Monday evening could prove to be disappointing for kids planning on singing door-to-door in an effort to get candy during the Sint Maarten celebration. Rain was already carpeting much of the country's eastern and northern regions, with more rain expected to drop 5 p.m. to midnight from the coast on through to the German and Belgian borders.
The weather in the Netherlands will have two faces this weekend, according to Weeronline. Friday will by stormy with strong winds - KNMI issued a code yellow warning. Saturday will be dreary and rainy. But Sunday will be largely dry with long periods of sunshine. Maximum temperatures throughout the weekend will hover around 14 degrees Celsius.
The latest images from Dutch space instrument Tropomi, which maps air pollution around the globe, shows that India is the new top polluter in the world. Also, research shows that the Netherlands has one of the highest concentrations of nitrogen dioxide in Europe, Pieternel Levelt, head of satellite observation at Dutch meteorological institute KNMI and professor at TU Delft, said to newspaper AD.
Dutch meteorological institute KNMI is teaming up with its counterparts the Met Office in Great Britain and Met Éireann in Ireland to start naming severe storms in Europe. According to the weather services, naming storms raises public awareness of dangerous weather by giving a consistent message to the public through the media.
The three weather services drew up a list of storm names for the 2019-2020 season that comply with international agreements for storm names - the names will alternate between male and female, and must not include the letters Q, U, X, Y and Z.
The Dutch Safety Board launched an exploratory investigation into the partial collapse of the AFAS stadium's roof during a storm in Alkmaar on Saturday. Football team AZ is also conducting an independent investigation. The stadium is currently inaccessible, which means that AZ can play no home matches at the stadium for the time being, NU.nl reports.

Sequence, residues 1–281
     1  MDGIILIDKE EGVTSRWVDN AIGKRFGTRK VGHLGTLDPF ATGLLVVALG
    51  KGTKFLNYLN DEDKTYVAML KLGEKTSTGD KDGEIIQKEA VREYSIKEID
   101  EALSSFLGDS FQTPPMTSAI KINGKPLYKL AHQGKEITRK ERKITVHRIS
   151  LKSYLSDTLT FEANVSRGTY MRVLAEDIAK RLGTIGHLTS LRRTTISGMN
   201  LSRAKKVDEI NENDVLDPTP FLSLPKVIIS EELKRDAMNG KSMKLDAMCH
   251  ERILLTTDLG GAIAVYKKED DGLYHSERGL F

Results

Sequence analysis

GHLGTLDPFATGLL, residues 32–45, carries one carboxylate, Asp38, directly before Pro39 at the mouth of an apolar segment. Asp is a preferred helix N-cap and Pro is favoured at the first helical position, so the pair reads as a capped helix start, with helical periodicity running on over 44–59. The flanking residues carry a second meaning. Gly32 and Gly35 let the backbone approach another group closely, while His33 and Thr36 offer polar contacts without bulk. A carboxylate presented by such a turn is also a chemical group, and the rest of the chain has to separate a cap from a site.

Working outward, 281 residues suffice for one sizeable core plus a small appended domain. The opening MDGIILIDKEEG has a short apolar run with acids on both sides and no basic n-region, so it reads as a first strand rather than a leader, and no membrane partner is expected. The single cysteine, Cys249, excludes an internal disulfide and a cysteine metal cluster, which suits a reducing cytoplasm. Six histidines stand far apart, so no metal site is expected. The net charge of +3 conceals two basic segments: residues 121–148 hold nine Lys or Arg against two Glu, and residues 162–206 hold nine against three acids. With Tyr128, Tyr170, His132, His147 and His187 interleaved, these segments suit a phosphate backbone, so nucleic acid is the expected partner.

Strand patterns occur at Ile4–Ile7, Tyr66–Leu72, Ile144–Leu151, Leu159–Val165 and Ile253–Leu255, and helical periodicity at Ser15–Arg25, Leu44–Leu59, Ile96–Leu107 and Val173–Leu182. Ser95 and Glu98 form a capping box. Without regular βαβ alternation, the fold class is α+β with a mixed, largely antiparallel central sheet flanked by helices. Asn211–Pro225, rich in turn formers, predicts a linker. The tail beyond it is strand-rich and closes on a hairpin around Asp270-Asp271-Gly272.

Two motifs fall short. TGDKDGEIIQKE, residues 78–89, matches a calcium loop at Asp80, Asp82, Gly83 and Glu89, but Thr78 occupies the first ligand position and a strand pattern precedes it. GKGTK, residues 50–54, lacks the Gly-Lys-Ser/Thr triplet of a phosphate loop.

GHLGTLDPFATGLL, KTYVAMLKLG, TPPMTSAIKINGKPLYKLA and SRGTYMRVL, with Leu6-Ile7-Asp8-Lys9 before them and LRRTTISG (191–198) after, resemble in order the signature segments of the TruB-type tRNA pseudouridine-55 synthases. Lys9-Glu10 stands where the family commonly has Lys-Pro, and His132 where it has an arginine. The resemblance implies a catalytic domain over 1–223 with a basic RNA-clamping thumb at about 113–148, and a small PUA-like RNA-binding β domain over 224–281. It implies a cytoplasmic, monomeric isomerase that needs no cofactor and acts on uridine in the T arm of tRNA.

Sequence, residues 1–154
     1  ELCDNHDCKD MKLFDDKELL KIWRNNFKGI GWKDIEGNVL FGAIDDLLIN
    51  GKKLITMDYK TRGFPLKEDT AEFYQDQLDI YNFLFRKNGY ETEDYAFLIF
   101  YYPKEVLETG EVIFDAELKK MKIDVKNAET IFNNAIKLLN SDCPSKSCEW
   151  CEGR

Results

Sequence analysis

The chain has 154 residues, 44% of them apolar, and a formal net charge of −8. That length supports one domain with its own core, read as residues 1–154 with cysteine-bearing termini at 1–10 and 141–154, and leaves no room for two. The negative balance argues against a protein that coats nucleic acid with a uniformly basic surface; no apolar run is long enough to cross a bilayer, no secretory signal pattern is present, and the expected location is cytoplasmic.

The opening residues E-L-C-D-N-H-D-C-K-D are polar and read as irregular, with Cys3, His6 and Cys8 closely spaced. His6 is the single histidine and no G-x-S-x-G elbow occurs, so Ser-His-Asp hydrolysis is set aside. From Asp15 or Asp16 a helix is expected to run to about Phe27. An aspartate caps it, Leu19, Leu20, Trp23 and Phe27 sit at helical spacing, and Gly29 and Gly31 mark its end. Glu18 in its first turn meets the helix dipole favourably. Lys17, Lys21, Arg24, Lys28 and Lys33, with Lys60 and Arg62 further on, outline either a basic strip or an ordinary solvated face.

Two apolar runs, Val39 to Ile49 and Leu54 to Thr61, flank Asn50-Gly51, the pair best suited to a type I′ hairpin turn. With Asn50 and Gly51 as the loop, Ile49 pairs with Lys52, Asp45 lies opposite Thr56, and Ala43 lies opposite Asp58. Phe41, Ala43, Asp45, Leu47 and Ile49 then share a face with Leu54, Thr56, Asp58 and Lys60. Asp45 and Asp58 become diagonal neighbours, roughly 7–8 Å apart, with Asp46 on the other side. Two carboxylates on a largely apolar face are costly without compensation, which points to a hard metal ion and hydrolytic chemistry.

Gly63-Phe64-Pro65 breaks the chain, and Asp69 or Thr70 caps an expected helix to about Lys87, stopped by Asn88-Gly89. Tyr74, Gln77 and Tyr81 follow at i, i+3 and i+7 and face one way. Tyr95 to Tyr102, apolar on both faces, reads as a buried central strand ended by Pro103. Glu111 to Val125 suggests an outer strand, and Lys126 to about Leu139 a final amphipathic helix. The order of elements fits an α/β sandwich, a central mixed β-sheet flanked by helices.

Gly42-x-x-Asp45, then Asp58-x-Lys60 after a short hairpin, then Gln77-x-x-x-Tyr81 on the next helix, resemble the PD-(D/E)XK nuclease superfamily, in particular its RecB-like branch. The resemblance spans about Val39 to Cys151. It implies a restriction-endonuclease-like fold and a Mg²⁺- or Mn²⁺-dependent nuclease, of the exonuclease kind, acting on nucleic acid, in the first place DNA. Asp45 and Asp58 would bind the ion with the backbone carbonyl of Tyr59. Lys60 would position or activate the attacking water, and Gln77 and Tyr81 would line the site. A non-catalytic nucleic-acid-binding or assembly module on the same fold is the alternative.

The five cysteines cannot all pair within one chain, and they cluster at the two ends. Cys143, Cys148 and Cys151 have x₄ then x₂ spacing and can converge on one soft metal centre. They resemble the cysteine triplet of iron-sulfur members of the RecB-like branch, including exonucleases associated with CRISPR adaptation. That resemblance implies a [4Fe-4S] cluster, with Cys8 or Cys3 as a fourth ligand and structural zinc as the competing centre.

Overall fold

Monday will be wet and dreary in the Netherlands, with thunderstorms in the afternoon and evening. Meteorological institute KNMI issued a code yellow warning for all provinces except Noord-Holland, Friesland, Groningen, Drenthe and the Wadden islands.
For the first time in the country's recorded weather history, temperatures in the Netherlands climbed higher than 40 degrees again setting a new heat record on Thursday. A weather station at the Gilze-Rijen Air Base hit 40.4 degrees at 2:54 p.m, where the country's record was broken with a 39.4 degree reading at 2:40 p.m., and 39.6 degrees 10 minutes later.
Today is officially the hottest July 25th in the Netherlands since temperature measurements started in 1901. At 11:30 a.m. it was 31.8 degrees in De Bilt, breaking the previous record of 31.6 degrees from 2006, Weeronline reports. This is the 10th hottest day record broken so far this year.
Tuesday was officially the hottest July 23rd ever measured in the Netherlands. The thermometer in De Bilt climbed to 31.6 degrees at 5:50 p.m., breaking the previous record from 2013 with 0.1 degree Celsius, Weerplaza reports. Wednesday will be even hotter. Temperatures will climb to 30 degrees across the country by 11:00 a.m. Limburg may even see maximums up to 39 degrees.
The persistent heat in the Netherlands this week will trigger a code orange weather warning by this afternoon, Weerplaza expects. Public health institute RIVM implemented the National Heath Plan for the entire country.
With an average temperature of 18.1 degrees Celsius in De Bilt, this past June was the warmest ever June in the Netherlands since temperature measurements started in 1901. The previous record was held jointly by June 1976 and 2017, with an average temperature of 18.0 degrees, meteorological institute KNMI reported.
A new record for the warmest-ever June 25 was set on Tuesday when the thermometer peaked at 36 degrees. The new record was set in Volkel, Noord-Brabant, breaking the previous record of 34 degrees set in the same place in 1976.
Today's high temperature was recorded by Dutch meteorological agency KNMI at 4:50 p.m. The record was already beaten hours earlier when 34.2 degrees was recorded in Hupsel, a small Gelderland village just eight kilometers west of the German border.
Tuesday will be the hottest day of the week, according to Weerplaza. Maximums will range from 30 degrees Celsius along the coast to over 35 degrees in the east of the country. The day will be filled with sunshine, and blue skies, with a moderate wind occasionally providing some cooling.